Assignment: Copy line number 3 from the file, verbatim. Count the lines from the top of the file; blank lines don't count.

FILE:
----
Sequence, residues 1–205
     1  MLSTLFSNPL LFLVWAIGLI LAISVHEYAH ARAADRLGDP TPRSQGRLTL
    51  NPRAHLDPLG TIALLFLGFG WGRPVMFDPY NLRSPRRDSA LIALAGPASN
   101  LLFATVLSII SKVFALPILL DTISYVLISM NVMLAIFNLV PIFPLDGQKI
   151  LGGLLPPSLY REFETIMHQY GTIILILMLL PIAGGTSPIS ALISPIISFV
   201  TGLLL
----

    51  NPRAHLDPLG TIALLFLGFG WGRPVMFDPY NLRSPRRDSA LIALAGPASN